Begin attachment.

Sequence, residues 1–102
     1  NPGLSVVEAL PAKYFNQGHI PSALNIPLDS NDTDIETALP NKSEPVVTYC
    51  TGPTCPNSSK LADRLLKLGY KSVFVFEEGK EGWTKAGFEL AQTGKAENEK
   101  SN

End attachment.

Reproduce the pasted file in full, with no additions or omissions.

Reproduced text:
Sequence, residues 1–102
     1  NPGLSVVEAL PAKYFNQGHI PSALNIPLDS NDTDIETALP NKSEPVVTYC
    51  TGPTCPNSSK LADRLLKLGY KSVFVFEEGK EGWTKAGFEL AQTGKAENEK
   101  SN